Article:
Endure howls against a capitalist regime that feeds on the neglect and death of sidelined and exploited human beings, both in the U.S. and globally. This system is fragmented enough to work in the shadows; long threads connect military activity in the Middle East and the gas that seeps out of the pump at the 7-Eleven, but they’re obscured enough that whoever’s gripping the handle won’t typically feel them. On “Kurdish Radio,” Special Interest draw an explicit line between oil lurking under the sands of contested territory and the lives lived in American cities. “Is love like Arab oil?/Do we take take take till it’s depleted?” Logout sings. Later in the song, they overlay crude oil with blood staining the streets of New Orleans, as if to suggest that connecting local struggle to a global network makes for a start. At the climax of “Concerning Peace,” Logout calls out the names of metropolises across the world, tethering them together as sites of both historic disinvestment and revolutionary potential.

Amid calls to destroy every kind of cage, Special Interest stay attuned to what might sprout from the ashes. The music video for “Midnight Legend,” a sweetly melodic dance track whose single version features a verse from Mykki Blanco, follows a group of clubgoers through a messy night out. They flip off a handsy bouncer, ingest a few too many drugs, argue with exasperated bartenders, and get kicked out of the bathroom in the middle of a gay threesome. This club houses little of the utopia the dancefloor can sometimes tease; all night, it plays host to low-grade, aggravating conflict. Then the dancers spill out into the morning light. As passersby hustle their way to work, three of the clubgoers sync up for an impromptu dance routine. The people who have just woken up scowl at those who have been up all night. But the dancers look at each other and beam. Their movements reassure each other that they have each other’s backs even if no one else does. Under the new sun, they practice another world inside the cracks of this one.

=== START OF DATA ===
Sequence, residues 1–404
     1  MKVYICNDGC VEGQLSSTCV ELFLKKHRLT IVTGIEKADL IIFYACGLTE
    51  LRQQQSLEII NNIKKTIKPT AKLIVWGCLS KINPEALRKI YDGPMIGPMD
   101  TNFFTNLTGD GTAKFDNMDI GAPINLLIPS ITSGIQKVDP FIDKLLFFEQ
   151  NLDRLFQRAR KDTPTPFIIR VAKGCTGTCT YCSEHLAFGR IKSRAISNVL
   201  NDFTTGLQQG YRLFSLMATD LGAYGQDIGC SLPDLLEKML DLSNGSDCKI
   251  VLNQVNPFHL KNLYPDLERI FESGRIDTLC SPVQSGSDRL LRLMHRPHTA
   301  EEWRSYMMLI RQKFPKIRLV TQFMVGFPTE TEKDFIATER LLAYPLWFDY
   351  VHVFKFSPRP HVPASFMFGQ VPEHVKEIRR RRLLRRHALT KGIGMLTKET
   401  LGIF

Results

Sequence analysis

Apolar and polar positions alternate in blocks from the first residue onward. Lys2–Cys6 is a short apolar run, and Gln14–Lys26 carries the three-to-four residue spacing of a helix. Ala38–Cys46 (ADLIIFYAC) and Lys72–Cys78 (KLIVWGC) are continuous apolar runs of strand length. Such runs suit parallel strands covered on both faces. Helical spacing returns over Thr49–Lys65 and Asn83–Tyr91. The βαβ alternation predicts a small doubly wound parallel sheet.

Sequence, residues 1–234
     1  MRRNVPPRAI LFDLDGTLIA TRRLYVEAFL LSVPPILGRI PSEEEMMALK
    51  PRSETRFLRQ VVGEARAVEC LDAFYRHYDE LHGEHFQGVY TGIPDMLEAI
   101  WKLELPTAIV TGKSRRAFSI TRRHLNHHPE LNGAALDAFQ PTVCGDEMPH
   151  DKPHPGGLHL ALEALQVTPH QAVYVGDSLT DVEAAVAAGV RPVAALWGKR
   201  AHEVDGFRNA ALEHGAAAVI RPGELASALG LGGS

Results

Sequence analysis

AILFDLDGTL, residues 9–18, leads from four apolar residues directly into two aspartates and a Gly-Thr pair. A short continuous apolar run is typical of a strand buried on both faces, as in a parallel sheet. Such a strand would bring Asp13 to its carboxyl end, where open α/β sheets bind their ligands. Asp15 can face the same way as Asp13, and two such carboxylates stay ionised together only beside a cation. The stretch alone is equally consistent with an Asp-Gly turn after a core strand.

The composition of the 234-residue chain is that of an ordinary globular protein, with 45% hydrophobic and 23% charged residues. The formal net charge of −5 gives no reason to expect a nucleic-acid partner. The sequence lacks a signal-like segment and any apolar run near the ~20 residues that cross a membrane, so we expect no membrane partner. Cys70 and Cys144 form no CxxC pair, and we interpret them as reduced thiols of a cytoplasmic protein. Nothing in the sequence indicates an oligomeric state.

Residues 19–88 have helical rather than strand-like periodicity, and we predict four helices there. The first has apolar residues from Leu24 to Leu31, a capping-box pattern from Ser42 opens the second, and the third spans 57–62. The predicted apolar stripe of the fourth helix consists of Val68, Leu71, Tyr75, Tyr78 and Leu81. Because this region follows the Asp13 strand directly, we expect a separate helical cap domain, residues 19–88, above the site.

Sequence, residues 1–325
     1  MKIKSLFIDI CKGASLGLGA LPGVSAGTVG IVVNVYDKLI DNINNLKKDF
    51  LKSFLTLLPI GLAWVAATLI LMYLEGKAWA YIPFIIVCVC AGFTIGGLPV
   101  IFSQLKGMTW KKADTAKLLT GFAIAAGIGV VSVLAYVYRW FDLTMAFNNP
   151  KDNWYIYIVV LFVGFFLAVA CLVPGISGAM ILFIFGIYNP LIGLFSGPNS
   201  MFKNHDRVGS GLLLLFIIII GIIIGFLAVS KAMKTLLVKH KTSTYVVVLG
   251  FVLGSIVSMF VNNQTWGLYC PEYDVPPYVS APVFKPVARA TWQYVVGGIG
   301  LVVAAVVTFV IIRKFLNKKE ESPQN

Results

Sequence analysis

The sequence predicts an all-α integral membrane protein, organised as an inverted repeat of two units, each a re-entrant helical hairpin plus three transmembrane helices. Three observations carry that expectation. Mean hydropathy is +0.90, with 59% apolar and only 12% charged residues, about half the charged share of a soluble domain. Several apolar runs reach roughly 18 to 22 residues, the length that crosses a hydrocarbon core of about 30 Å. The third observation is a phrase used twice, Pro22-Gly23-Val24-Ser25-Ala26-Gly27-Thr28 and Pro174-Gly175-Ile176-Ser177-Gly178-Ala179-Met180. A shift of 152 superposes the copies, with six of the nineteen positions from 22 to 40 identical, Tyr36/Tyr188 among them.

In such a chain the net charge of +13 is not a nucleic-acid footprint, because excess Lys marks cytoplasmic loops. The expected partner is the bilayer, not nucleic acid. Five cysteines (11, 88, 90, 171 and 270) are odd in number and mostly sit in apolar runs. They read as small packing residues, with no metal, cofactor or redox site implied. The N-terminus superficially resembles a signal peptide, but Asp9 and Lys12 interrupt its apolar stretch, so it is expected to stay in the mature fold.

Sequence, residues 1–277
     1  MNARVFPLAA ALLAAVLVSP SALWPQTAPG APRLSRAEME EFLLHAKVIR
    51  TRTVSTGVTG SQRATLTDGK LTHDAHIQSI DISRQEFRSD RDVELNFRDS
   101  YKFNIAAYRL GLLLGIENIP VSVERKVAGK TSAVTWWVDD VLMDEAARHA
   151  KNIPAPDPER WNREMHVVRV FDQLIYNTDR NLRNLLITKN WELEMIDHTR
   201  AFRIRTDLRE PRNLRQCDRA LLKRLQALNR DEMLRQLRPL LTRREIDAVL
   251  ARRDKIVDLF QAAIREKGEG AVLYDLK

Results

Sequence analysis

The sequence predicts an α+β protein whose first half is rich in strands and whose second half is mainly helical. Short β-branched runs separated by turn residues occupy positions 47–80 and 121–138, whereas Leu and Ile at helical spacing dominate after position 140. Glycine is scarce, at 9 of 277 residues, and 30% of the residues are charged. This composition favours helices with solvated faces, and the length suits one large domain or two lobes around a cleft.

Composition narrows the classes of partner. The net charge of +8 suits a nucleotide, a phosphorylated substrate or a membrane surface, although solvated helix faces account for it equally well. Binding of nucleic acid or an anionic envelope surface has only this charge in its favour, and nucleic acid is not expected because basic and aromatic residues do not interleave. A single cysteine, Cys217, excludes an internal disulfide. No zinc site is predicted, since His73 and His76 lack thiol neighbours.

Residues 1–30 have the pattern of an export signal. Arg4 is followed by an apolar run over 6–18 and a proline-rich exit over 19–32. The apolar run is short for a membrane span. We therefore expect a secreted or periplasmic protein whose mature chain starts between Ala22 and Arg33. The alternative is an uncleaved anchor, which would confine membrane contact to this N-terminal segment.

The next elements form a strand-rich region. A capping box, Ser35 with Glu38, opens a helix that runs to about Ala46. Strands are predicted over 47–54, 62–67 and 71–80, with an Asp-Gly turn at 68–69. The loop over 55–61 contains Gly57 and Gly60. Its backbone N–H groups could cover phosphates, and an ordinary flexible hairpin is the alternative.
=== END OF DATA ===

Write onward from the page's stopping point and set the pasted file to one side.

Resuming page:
The album rolls to a close with the slow-burning “LA Blues,” a song that sheds its skin multiple times over the course of its eight minutes. It starts with a handful of neighborhood scenes and a repeated falsetto taunt: “If you don’t like it you can fuck right off/Them boys in blue don’t come around on this block.” In the third verse, Logout’s gaze turns inward. They ruminate on the end of a relationship, approaching a state of tenderness but quickly diverting it with a sarcastic “boo hoo,” then looping back to the bitterly laughing chorus. But as the song rolls on, as the one-two step of the drumbeat and the guitar’s sour roar refuse to slow or pause, Logout dives deeper. The song boils into a dirge; Logout interrogates God in the wake of an immeasurable loss, their voice strained and cracking. As they hold their grief in its fullness, the song changes again, turning anthem-like, and Logout parts the curtains on a formerly hidden outlook. “The end of the world is just a destination/I had to grow to love/Yes and now I know I’m not unworthy of love,” they conclude, their voice warm and open, defenses scattered on the ground. If this world is barrelling toward a cliff, if there’s an unavoidable terminus square in our path, maybe we should try to love like we did at the beginning.

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About Wanni Arachchige Udara Madusanka Perera

Hey, I'm Perera! I will try to give you technology reviews(mobile,gadgets,smart watch & other technology things), Automobiles, News and entertainment for built up your knowledge.
Special Interest - Endure Music Album Reviews Special Interest - Endure Music Album Reviews Reviewed by Wanni Arachchige Udara Madusanka Perera on November 11, 2022 Rating: 5